by Patrícia Iliašová
Although I can hear the voice of the instructor, who hands me the controllers of the HTC Vive while explaining which button does what, I find it very easy to forget the reality around me. The small, rather dark room along with the people in it quickly disappears and one forgets how they look with headphones over their heads and a rather large headset attached to the computer with a cable that casually hangs above them. Not even occasional laughs are a great disturbance when the elevator doors open up and I find myself on the top floor of a tall business centre, with the view of the entire city below me, but with only a thin plank for me to stand on. The instructor dares me to jump, but my knees are trembling, and I can feel my heartbeat becoming quicker, although I am aware of the fact that I am still in that room and the plank is just an illusion.
It is not difficult these days to encounter a place where virtual reality (VR) technology is available to the general public. In larger cities it seems to be a very popular business idea to offer the experience of VR. These places are visited by friends, couples and often rented out for team-buildings or parties. These businesses are however only suitable for entertainment and a basic introduction to virtual reality, as an hour-long experience is insufficient for unveiling the full potential of this technology. On the other hand, it is a good way of acquainting oneself with a product that might change the future of our society.
The History of Virtual Reality
Before advancing any further, it is important to understand what exactly virtual reality technology is. The key feature of this technology, according to Burdea and Coiffet, is its “real-time interactivity,” which can be understood as the ability of the simulation of “a realistic-looking world” created by computer to respond to “the user’s input” in real time (2). This fascinating concept is perhaps not as overwhelming for people nowadays who are surrounded by technological miracles of all kinds on a daily basis. To them, VR may seem like the next logical step in technological development, mainly because of the confusing portrayal of it and other technologies in science-fiction movies. The tempo with which the progress is advancing today is too high for an ordinary person to keep up with. Nevertheless, from a developer’s point of view, it is always a long and demanding process for an innovative idea to transform into an innovation – and so it is with VR.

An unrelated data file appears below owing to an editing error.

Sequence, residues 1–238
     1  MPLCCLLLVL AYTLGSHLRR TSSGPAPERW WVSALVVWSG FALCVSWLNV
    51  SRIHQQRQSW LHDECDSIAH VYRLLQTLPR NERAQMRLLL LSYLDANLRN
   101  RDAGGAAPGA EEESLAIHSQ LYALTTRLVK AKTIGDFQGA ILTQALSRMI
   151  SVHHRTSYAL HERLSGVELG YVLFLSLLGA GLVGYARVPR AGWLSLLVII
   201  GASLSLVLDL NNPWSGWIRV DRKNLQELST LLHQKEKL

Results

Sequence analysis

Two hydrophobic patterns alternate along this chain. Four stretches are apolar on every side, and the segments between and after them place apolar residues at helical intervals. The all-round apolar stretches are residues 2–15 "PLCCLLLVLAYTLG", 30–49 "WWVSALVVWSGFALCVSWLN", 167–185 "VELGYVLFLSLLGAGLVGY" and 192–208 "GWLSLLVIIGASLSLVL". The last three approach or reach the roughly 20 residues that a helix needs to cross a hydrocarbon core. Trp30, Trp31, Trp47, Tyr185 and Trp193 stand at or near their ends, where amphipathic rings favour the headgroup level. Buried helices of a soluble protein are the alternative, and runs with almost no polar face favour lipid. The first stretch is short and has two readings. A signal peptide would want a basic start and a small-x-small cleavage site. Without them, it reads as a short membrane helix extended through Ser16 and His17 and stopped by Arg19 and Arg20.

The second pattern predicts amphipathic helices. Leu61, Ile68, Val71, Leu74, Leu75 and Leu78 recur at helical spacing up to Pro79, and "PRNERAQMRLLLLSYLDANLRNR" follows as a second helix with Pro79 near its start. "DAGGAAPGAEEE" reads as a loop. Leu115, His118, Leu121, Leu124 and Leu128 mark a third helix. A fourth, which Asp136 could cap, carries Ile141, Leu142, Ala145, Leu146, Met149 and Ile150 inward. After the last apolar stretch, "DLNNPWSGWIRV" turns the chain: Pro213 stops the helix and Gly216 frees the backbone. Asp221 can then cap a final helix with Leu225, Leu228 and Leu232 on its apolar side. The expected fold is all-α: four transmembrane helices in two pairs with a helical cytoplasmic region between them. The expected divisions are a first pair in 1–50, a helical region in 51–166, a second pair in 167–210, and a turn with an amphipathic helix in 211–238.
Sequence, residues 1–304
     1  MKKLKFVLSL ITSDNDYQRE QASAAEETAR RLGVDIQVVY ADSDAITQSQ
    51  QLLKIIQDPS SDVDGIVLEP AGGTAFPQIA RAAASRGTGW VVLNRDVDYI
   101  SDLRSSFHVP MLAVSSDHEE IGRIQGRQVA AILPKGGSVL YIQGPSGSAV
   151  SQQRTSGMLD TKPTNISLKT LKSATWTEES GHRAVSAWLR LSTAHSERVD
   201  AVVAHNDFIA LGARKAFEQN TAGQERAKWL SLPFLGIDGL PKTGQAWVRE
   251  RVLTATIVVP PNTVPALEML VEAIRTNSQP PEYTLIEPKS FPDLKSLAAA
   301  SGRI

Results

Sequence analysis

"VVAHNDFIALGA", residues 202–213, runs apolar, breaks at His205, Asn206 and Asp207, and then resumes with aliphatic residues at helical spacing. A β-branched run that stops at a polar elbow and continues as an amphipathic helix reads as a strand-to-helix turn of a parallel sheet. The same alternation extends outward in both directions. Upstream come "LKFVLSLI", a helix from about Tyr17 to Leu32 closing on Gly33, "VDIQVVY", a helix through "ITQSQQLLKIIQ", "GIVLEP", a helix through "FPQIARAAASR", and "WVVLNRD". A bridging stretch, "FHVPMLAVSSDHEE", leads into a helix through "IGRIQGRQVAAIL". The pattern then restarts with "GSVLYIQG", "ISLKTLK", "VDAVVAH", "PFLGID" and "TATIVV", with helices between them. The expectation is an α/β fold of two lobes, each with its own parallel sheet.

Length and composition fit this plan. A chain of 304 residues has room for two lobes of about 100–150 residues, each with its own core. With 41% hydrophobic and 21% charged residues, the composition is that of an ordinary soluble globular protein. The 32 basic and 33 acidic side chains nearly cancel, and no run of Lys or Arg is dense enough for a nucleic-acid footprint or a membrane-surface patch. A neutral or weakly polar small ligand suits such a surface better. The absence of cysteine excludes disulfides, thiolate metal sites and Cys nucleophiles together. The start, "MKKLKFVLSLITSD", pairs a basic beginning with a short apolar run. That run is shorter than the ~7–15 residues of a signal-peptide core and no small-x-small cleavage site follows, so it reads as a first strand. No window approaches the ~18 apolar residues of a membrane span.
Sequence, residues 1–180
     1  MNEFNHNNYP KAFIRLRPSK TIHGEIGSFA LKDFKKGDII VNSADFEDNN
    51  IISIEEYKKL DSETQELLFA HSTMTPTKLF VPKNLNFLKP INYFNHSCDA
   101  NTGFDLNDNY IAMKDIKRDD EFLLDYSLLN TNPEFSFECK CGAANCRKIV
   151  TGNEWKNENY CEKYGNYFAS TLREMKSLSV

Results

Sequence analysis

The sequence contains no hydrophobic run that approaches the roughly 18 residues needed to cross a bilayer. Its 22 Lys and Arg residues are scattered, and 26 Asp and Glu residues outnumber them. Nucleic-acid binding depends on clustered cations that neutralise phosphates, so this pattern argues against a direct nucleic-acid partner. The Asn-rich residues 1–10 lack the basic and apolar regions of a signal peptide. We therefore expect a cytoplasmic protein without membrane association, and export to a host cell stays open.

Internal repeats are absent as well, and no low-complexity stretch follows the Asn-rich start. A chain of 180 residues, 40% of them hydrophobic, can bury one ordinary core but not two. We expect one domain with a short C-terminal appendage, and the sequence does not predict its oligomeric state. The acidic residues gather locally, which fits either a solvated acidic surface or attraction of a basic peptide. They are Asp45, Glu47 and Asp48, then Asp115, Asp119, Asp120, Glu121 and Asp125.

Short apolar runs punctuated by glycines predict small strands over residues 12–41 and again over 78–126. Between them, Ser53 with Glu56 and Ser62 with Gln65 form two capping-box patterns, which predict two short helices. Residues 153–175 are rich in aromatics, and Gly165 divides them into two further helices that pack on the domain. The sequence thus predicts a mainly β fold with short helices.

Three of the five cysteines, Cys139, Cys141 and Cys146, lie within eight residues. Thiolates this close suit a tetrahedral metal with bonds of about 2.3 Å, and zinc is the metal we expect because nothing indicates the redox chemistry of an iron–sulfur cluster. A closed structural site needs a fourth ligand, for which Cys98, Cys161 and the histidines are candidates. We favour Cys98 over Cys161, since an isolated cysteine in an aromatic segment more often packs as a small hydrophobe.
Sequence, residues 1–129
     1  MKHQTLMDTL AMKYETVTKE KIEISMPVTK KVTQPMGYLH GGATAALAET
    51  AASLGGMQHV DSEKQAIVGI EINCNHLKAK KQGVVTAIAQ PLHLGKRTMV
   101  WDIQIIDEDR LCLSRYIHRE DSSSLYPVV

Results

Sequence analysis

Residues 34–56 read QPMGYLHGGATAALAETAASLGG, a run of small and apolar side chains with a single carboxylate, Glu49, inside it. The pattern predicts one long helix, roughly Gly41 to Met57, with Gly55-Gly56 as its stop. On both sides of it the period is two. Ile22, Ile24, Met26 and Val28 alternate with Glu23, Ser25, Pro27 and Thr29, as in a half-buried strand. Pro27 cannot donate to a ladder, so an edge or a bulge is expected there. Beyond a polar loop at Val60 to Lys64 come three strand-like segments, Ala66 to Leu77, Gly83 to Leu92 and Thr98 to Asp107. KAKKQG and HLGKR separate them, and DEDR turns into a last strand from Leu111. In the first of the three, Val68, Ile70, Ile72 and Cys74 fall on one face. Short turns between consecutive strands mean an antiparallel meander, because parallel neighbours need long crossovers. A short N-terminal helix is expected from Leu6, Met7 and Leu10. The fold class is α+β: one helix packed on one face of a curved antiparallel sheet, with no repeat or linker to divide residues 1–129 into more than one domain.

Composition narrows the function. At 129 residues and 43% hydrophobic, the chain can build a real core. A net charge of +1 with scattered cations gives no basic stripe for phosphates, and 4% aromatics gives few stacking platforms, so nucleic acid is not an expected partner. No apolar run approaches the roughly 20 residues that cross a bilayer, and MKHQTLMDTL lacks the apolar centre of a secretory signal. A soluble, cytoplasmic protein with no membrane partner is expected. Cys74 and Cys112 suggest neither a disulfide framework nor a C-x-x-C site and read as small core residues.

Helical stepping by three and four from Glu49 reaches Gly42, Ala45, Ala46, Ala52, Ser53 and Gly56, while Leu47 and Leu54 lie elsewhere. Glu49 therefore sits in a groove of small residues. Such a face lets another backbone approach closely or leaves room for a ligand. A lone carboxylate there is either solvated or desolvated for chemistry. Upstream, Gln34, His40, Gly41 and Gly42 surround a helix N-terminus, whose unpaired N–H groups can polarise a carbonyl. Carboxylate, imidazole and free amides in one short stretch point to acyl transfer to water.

The first attempts to develop this technology can be traced back to the 1960s. Back then, VR was mainly used by the military and NASA and it was not created with the intention of becoming a product which could be used for daily entertainment. This only became possible once the price of computers had sufficiently reduced, which did not happen until the year 2000. At that point, companies started investing in this technology and the idea that soon virtual reality could be used for purposes other than the training of astronauts and soldiers was born (Burdea and Coiffet 6-11).
Virtual Reality Today
Nowadays, global companies that dominate the technology market, such as Samsung, Sony or HTC, but also information technology corporates such as Google or Facebook are aware of the potential of VR, and in the last couple of years, they have begun investing heavily in the development of VR headsets. For example, Facebook bought the brand Oculus, a garage company which turned out to be a successful startup, in 2014, for $2 billion and released the Oculus Rift in spring 2016. HTC allied with Valve in order to create their VR headset called Vive which was released around the same time as Facebook’s Oculus, and Sony launched its VR set for PlayStation 4 in October 2016. Google and Samsung are also playing a part in this game with their more affordable VR headsets designed for smartphones; Samsung’s Gear VR was released in November 2015 and Google’s Cardboard, which is the cheapest virtual reality headset of all, selling for only $15, has been available in United States since June 2014.